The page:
The most extreme elections outcomes, such as the 2010 election of Republican Scott Brown to replace Democratic icon Ted Kennedy or the 2011 shocker of Democrat Kathy Hochul’s victory in a conservative stronghold in upstate New York, grab the media spotlight. However, congressional dominance and control of the presidency is usually determined by elections with much less flash and fanfare.
The most recent off-year election provided the Democrats with plenty of reason for hope in 2012 but also indicated areas of concern–and both the flashy and mundane were represented.
The Democrats had a great election where high-profile issues were at the forefront, including the repeal of Republican-supported restrictions to collective bargaining for public workers by a crushing margin of 61% to 39%. The victory for unions even prompted conservative hero Governor Kasich to say, “The people have spoken clearly. They might have said it was too much too soon.”
Similarly, Democrats–and all women–had a major victory when Mississippi’s radical anti-abortion Parenthood Amendment was defeated. The amendment actually attempted to define the term person to include “every human being from the moment of fertilization, cloning or the functional equivalent thereof,” meaning that even the use of the “morning-after pill” would be murder.
Democrats also claimed a less publicized but major victory with the recall of Michigan state Representative Paul Scott. Scott had a record of limiting collective bargaining rights, making it easier to fire teachers, and attacking gays. (Can anyone say Tea Party?)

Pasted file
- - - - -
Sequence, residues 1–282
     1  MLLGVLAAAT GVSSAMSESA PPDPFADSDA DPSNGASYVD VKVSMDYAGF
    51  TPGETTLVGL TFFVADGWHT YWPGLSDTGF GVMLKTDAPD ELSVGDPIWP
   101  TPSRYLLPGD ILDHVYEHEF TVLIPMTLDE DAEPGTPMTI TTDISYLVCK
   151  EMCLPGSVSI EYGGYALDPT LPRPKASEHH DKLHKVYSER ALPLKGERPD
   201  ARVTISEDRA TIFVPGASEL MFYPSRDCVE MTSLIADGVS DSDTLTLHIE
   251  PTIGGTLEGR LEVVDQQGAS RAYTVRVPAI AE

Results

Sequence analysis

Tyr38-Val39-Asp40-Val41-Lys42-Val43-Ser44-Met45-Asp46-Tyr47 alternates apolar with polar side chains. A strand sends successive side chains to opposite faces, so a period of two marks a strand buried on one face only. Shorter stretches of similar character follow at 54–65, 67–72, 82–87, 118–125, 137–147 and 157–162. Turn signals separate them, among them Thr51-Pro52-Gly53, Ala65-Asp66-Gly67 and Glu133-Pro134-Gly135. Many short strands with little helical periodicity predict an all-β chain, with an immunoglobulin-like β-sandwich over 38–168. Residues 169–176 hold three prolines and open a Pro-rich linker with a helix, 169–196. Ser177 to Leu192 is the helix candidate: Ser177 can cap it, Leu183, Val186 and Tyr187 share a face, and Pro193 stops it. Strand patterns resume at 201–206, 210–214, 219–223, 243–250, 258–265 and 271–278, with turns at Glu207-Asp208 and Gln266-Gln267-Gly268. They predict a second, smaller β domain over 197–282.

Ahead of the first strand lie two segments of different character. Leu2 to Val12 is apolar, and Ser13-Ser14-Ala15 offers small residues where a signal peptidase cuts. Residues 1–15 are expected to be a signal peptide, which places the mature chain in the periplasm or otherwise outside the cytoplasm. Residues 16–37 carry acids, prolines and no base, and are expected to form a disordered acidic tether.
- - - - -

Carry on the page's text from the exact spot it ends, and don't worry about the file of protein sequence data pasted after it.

Those victories make loud and clear statements that when Republicans go too far for even moderates of their own party, defeat will follow. That’s great news for the Democrats since it shows that a clear message and highlighting the extreme nature of many Republican policies can be an effective campaign tactic.
The danger for Democrats in 2012 lies in more subtle elections, where the outcome will turn on less polarizing topics. A good example is a local election in Westmoreland County, which is in southwestern Pennsylvania. While this region supported McCain over Obama in 2008, Democrats outnumber Republicans by over 30,000, according to the Pittsburgh Tribune Review.
Despite the advantage, Republicans had a clean sweep on Tuesday, marking the first time in 60 years that Republicans have had control of the county commissioners board.
When Democrats presidential candidates win in Pennsylvania, it’s typically because the Democratic strongholds of Pittsburgh in the southwestern part of the state and Philadelphia in the southeastern part of the state carry the more conservative areas elsewhere. Think of James Carville’s famous quote, “Pennsylvania is Philadelphia in the east, Pittsburgh in the west, and Alabama in the middle.”
If a poor economy and a general desire for change erodes Democratic support in the key areas of Pennsylvania, as well as other regions of the country where flashy issues are not part of the election, then it could make us quickly forget about the bright sides of any national election.